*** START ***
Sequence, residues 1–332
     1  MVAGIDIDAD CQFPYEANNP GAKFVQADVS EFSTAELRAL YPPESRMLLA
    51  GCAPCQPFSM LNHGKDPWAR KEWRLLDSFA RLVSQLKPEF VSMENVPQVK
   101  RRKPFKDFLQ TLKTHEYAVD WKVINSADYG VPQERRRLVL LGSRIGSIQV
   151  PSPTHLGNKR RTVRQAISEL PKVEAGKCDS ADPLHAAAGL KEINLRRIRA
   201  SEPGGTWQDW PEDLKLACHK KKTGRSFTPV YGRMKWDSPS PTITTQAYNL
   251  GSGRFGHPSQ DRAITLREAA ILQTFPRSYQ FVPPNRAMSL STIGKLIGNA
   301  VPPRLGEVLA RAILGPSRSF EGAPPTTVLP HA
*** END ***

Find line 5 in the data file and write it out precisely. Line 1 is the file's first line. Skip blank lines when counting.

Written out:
   151  PSPTHLGNKR RTVRQAISEL PKVEAGKCDS ADPLHAAAGL KEINLRRIRA